Referring to restriction 2 above, the War Department states that individuals serving overseas desiring

    to request the mailing of parcels to them will be required to include in their request the following:1. A general description or name of article requested.

    2. The grade or rating, the complete address, and the signature of the individual (addressee)making request.

    The request will be presented to the battalion or similar unit commander, who will approve itwhen the circumstances justify. Requests of officers not assigned to organizations or separate unitswill be approved by the next higher or theater headquarters.

    If you have a book order en route to us for shipment to an overseas address, delivery will bespeeded if you will immediately forward via V-mail the necessary approval required under these newrestrictions. We will continue to do everything possible to assure prompt and safe delivery of all itemsordered through the Association.

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    THE SOLOMON ISLANDS(Based upon latest information available at date of writing, and subject to correction as more complete reports are received.)

    By Col. Conrad H. Lanza

    The Solomon Islands extend about 1,800 miles, in anorthwest and southeast direction, between South Latitudes5 and 11. They are some 1,700 miles northeast ofQueensland, Australia. The islands are a British colony, andat the beginning of the war had their regular complement ofBritish officials. The seniors were British but most of thesubordinates were Australians, as were the majority of the400 commercially engaged white people in the colony.There were also some 200 Chinese, mainly small businesspeople. The big business was copra, which was controlledby two Australian companies who between them had 40plantations. The overseers were whites, the labor native.

    Natives of the islands are a mixture of Melanesians,Polynesians, and Maoris, numbering about 90,000. Ofthese 34,000 were reported as members of the CatholicChurch, under the jurisdiction of two American bishopswith nearly 100 American assistants, who had churches,schools, and hospitals on the principal islands.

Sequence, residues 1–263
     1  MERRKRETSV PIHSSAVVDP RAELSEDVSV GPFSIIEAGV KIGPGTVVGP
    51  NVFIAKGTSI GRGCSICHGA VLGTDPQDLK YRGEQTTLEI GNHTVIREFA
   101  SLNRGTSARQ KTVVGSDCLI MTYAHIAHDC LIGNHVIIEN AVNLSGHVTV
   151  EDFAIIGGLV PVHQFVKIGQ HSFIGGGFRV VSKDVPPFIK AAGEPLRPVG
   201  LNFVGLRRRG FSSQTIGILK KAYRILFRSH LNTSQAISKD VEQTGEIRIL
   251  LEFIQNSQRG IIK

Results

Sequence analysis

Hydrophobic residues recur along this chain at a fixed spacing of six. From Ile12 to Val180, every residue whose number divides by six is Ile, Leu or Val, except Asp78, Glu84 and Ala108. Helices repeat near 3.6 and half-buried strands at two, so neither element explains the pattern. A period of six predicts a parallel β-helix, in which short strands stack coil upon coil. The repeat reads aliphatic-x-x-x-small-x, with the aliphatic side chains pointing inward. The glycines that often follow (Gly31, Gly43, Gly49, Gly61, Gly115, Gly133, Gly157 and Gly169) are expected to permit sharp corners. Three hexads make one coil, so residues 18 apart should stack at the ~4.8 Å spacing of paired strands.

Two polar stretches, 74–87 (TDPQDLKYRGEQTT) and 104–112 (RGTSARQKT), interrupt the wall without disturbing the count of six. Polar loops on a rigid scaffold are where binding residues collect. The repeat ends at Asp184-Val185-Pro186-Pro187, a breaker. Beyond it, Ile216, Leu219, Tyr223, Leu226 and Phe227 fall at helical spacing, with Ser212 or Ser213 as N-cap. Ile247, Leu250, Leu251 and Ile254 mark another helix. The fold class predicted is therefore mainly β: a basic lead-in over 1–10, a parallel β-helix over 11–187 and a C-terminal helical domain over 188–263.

Capital of the colony is Tulagi, near the center of theisland group. Besides the administration buildings Tulagihad a hotel, club, and golf course for the white people.There is good anchorage near Tulagi; it is a convenientcenter for local business.

    When in February and March, 1942, the Japanese wave ofconquest engulfed the Netherland Indies, it was foreseen thatJapanese forces might move into the Solomon Islands. Stepswere promptly taken to evacuate both white and Chinese

    populations. However, some of the officials and most of themissionaries decided to remain. No defense measures weretaken, as neither men nor materiel were available. During thefirst part of March, Japanese appeared in north New Guineaand (more threatening to the Solomons) in the BismarckArchipelago, where they established a base at Rabaul. In anair line this is some 700 miles northwest of Tulagi.

    About the same time American troops were arriving in thesouthwest Pacific in considerable numbers. From Australiathey had by March 17th established themselves in theFrench colony of New Caledonia, where the local officialshad welcomed them, and joined the cause of the UnitedNations; development of a sea and air base was begun. On

    the same date General Douglas MacArthur arrived inAustralia. He had come from the Philippines in compliancewith orders from the War Department to assume commandin the southwest Pacific. By a directive dated April 15th, theeast boundary of this command south of the Equator wasfixed as East Longitude 160. The wide area east of thisboundary, with all the numerous islands therein, wasassigned to the jurisdiction of the Navy, whose commander(Admiral Nimitz) had his headquarters in Honolulu.